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Scuba class teaches kids how to take the plunge
By TERRY TOMALIN
© St. Petersburg Times, published May 26, 2000
ST. PETERSBURG -- Shelly Bristol can't remember not knowing how to scuba dive.
"My father owns a dive shop," the 36-year-old mother of two said. "So he started me at an early age."
At 7, to be exact.
Many children barely can dog paddle at that age, let alone dive. But the Florida Scuba Rangers want to change that.
Florida, with dozens of spring-fed rivers, hundreds of miles of coast line and the only coral reef in the continental United States, is a scuba diver's paradise. People travel from all over the world to dive in the state's waters, so why not introduce children to these natural wonders?
"As long as they follow the rules, scuba diving can be as safe as bicycle riding or skateboarding," Bristol said. "It all depends how well you train them."
The Scuba Rangers program is taught under the auspices of Scuba Schools International, one of the nation's top scuba certification agencies. The first course in Florida was taught in April 1999.
The program originated in Louisiana and Bristol is only the 15th instructor worldwide to be certified to teach the class. In addition to being a scuba instructor, Bristol completed a three-day Scuba Ranger class. She has been trained in first aid and CPR.
"I also had to undergo an extensive background check before I could teach children," she said. "That is required of all instructors."
Children 8 to 11 who complete the five, four-hour sessions receive a certificate that certifies them as "qualified" to dive. "This means that they are only allowed to dive in a pool in the presence of an instructor," she said.
At age 12, the child can go through an open-water certification program (the same one adults do) and receive a junior open-water certification, which enables them to dive up to 60 feet in the presence of a parent or guardian.
"Then when they turn 15, they can go on a check-out dive and trade their junior card for a regular certification card," Bristol said.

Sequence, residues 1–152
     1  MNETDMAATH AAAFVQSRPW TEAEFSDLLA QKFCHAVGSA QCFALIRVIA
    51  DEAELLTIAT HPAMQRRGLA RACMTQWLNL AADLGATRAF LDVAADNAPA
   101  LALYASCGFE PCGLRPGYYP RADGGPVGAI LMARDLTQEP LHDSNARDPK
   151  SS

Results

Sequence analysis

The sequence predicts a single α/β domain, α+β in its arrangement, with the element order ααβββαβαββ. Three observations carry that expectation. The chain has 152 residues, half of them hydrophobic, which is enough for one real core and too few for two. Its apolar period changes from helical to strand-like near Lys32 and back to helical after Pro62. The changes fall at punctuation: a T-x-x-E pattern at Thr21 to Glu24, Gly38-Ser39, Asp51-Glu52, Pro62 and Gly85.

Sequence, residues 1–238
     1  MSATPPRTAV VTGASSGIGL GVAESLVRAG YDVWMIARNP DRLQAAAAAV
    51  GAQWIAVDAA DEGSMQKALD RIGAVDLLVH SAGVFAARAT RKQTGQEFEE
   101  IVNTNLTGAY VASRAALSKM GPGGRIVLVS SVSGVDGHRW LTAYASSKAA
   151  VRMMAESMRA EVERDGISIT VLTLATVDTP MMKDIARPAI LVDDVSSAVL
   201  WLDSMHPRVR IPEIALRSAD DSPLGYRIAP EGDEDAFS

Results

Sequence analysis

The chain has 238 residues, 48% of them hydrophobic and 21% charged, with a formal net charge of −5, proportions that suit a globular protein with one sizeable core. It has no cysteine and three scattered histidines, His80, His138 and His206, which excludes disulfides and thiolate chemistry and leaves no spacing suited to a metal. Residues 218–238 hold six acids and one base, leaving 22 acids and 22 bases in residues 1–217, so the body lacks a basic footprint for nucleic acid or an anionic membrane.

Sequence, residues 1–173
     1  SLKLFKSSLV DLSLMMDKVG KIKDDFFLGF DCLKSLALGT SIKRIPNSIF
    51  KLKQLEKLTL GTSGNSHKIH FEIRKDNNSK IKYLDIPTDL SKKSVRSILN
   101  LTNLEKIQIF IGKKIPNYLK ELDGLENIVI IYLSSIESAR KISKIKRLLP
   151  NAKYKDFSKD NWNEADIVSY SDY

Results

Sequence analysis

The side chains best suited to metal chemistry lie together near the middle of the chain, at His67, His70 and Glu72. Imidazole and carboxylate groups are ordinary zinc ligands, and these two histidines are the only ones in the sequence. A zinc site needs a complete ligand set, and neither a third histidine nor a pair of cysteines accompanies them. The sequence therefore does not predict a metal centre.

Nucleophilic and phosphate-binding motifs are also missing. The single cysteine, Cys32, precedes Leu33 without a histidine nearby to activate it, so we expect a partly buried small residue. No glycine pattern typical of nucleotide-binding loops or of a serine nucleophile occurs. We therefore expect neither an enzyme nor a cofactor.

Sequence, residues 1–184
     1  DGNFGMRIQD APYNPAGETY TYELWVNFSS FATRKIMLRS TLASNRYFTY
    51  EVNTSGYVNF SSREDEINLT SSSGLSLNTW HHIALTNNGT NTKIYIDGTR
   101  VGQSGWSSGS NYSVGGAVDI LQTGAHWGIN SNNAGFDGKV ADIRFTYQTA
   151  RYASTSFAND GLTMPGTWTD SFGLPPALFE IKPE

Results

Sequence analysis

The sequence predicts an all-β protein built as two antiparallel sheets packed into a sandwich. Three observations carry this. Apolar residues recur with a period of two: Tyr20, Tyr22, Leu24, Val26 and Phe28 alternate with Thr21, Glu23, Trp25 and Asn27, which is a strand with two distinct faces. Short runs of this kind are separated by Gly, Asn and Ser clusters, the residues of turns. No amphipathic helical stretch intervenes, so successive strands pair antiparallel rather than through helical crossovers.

Bristol just finished teaching her first class, which had only one student, Cara Lantz, age 9. "She came in feeling fairly comfortable in the water," she said. "But when she left, her parents couldn't believe the difference. There was no holding her back."
Scuba Rangers learn many of the skills their adult counterparts do, including rescue and air sharing. The classes are kept small; no more than eight students.
Scuba Rangers training doesn't stop after the basic class. Children can achieve rankings, from Night Ranger, Maze Ranger, Civics Ranger and Shark Ranger, all the way to Master Ranger. With each specialty completed, children receive a T-shirt and qualification card, which indicate the skill levels achieved.
The 12-year-olds who complete Scuba Ranger training can become Scuba Explorers. These older children go on field trips and attend monthly meetings.
"The kids do more than just learn how to dive," Bristol said. "They learn some light physics, physiology and all about currents, waves, tides and marine life."
The course schedule follows a structured format. Session 1 covers swimming and snorkeling; No. 2 covers snorkeling and scuba; Session 3 covers scuba photography; No. 4 is all scuba; and in Session 5, the Scuba Rangers demonstrate their skills for their parents. Scuba Rangers use smaller compressed air tanks than their adult counterparts (30 or 60 cubic inch tanks vs. 80 to 100 cubic inch tanks) and all other equipment is provided.
The cost for the class is $295; classes are held on Saturdays. When the school session ends, classes also will be available on Tuesday and Thursday. The next session starts June 3.
The classes are taught in the pool at Jim's Dive Shop, 9385-C Bay Pines Blvd., St. Petersburg. Parents can call Bristol directly at (727) 393-DIVE (3483). "It is really up to the parents to determine whether or not a child is ready for something like this," said owner Jim Fentress, who has taught thousands of adults to dive over the past 30 years. "Some children may be ready at 8 or 9. Others may have to wait. It is a decision that only a parent can make."
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